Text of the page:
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Extensive versus intensive margin in Germany and the United States: any differences?


  • Christian Merkl
  • Dennis Wesselbaum


This article analyses the role of the extensive vis-a-vis the intensive margin of labour adjustment in Germany and in the United States. The contribution is twofold. First, we provide an update of older US studies and confirm the view that the extensive margin (i.e. the adjustment in the number of workers) explains the largest part in the overall variability in aggregate hours. Second, although the German labour market structure is very different from its US counterpart, the quantitative importance of the extensive margin is of similar magnitude.

Suggested Citation

  • Christian Merkl & Dennis Wesselbaum, 2011. "Extensive versus intensive margin in Germany and the United States: any differences?," Applied Economics Letters, Taylor & Francis Journals, vol. 18(9), pages 805-808.
  • Handle: RePEc:taf:apeclt:v:18:y:2011:i:9:p:805-808 DOI: 10.1080/13504851.2010.507170

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    References listed on IDEAS

    1. Batres-Marquez, S. Patricia & Jensen, Helen H. & Brester, Gary W., 2003. "Salvadoran Consumption of Ethnic Foods in the United States," Journal of Food Distribution Research, Food Distribution Research Society, vol. 34(02), July.
    2. J. Scott Shonkwiler & Steven T. Yen, 1999. "Two-Step Estimation of a Censored System of Equations," American Journal of Agricultural Economics, Agricultural and Applied Economics Association, vol. 81(4), pages 972-982.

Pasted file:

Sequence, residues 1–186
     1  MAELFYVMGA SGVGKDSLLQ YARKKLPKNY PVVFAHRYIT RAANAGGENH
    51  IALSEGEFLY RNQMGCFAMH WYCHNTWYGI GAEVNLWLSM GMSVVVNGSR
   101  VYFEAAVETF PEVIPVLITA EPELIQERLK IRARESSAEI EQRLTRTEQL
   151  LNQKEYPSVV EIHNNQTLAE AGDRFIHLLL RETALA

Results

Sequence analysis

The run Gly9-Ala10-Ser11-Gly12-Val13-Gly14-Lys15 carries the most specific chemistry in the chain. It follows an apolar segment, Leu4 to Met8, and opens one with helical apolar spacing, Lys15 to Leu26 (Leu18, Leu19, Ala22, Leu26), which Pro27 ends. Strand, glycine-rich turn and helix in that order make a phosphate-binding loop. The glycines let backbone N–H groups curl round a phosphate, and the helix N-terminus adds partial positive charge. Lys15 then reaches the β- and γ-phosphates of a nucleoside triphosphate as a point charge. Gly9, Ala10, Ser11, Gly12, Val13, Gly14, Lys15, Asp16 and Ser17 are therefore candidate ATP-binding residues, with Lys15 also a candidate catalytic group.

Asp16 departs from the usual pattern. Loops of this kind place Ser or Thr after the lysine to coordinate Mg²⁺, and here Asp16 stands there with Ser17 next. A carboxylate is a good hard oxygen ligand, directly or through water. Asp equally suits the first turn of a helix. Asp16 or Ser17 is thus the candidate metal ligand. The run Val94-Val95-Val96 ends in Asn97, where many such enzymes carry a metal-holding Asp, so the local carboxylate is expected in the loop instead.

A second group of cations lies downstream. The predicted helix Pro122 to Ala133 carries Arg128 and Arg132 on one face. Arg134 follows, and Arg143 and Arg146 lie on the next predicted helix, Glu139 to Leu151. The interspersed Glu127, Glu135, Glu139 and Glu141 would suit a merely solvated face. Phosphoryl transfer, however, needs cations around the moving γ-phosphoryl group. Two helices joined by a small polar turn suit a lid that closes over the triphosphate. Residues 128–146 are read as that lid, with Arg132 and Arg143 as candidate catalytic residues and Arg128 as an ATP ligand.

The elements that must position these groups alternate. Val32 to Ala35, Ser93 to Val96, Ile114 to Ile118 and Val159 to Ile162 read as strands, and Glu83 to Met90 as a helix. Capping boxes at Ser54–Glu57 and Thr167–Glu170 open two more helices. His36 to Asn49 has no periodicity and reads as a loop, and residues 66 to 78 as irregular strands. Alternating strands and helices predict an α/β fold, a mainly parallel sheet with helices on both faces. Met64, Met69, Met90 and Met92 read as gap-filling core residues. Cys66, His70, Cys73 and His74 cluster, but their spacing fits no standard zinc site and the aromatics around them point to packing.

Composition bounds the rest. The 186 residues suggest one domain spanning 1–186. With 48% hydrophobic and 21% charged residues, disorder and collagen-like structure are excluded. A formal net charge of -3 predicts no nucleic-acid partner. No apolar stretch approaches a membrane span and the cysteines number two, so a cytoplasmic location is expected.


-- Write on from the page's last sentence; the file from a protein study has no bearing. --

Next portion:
3. Jeffrey T. LaFrance, 1990. "Incomplete Demand Systems And Semilogarithmic Demand Models," Australian Journal of Agricultural and Resource Economics, Australian Agricultural and Resource Economics Society, vol. 34(2), pages 118-131, August.
    4. Murphy, Kevin M & Topel, Robert H, 2002. "Estimation and Inference in Two-Step Econometric Models," Journal of Business & Economic Statistics, American Statistical Association, vol. 20(1), pages 88-97, January.
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    Cited by:

    1. Alexander Herzog-Stein & Patrick Nüß, 2016. "Extensive versus intensive margin over the business cycle: New evidence for Germany and the United States," IMK Working Paper 163-2016, IMK at the Hans Boeckler Foundation, Macroeconomic Policy Institute.
    2. Kudoh, Noritaka & Miyamoto, Hiroaki & Sasaki, Masaru, 2015. "Employment and Hours over the Business Cycle in a Model with Search Frictions," IZA Discussion Papers 8946, Institute for the Study of Labor (IZA).
    3. repec:mes:emfitr:v:53:y:2017:i:1:p:128-149 is not listed on IDEAS
    4. Been-Lon Chen & Chih-Fang Lai, 2016. "Relative effects of labor taxes on employment and working hours: role of mechanisms shaping working hours," Journal of Economics, Springer, vol. 117(1), pages 49-84, January.
    5. Sumru Altug & Serdar Kabaca & Meltem Poyraz, 2011. "Search Frictions, Financial Frictions and Labor Market Fluctuations in Emerging Economies," Koç University-TUSIAD Economic Research Forum Working Papers 1136, Koc University-TUSIAD Economic Research Forum.
    6. Temel Taskin, 2013. "Intensive margin and extensive margin adjustments of labor market: Turkey versus United States," Economics Bulletin, AccessEcon, vol. 33(3), pages 2307-2319.
    7. Engler, Philipp, 2011. "Monetary policy and unemployment in open economies," Discussion Papers 2011/24, Free University Berlin, School of Business & Economics.
    8. Felix Hüfner & Caroline Klein, 2012. "The German Labour Market: Preparing for the Future," OECD Economics Department Working Papers 983, OECD Publishing.
    9. Mai Chi Dao, 2013. "International spillovers of labour market policies," Oxford Economic Papers, Oxford University Press, vol. 65(2), pages 417-446, April.
    10. Kohlbrecher, Britta, 2016. "Optimal Monetary Policy under Rigid Wages and Decreasing Returns," Annual Conference 2016 (Augsburg): Demographic Change 145867, Verein für Socialpolitik / German Economic Association.
    11. Sumru Altug & Serdar Kabaca, 2017. "Search Frictions, Financial Frictions, and Labor Market Fluctuations in Emerging Markets," Emerging Markets Finance and Trade, Taylor & Francis Journals, vol. 53(1), pages 128-149, January.

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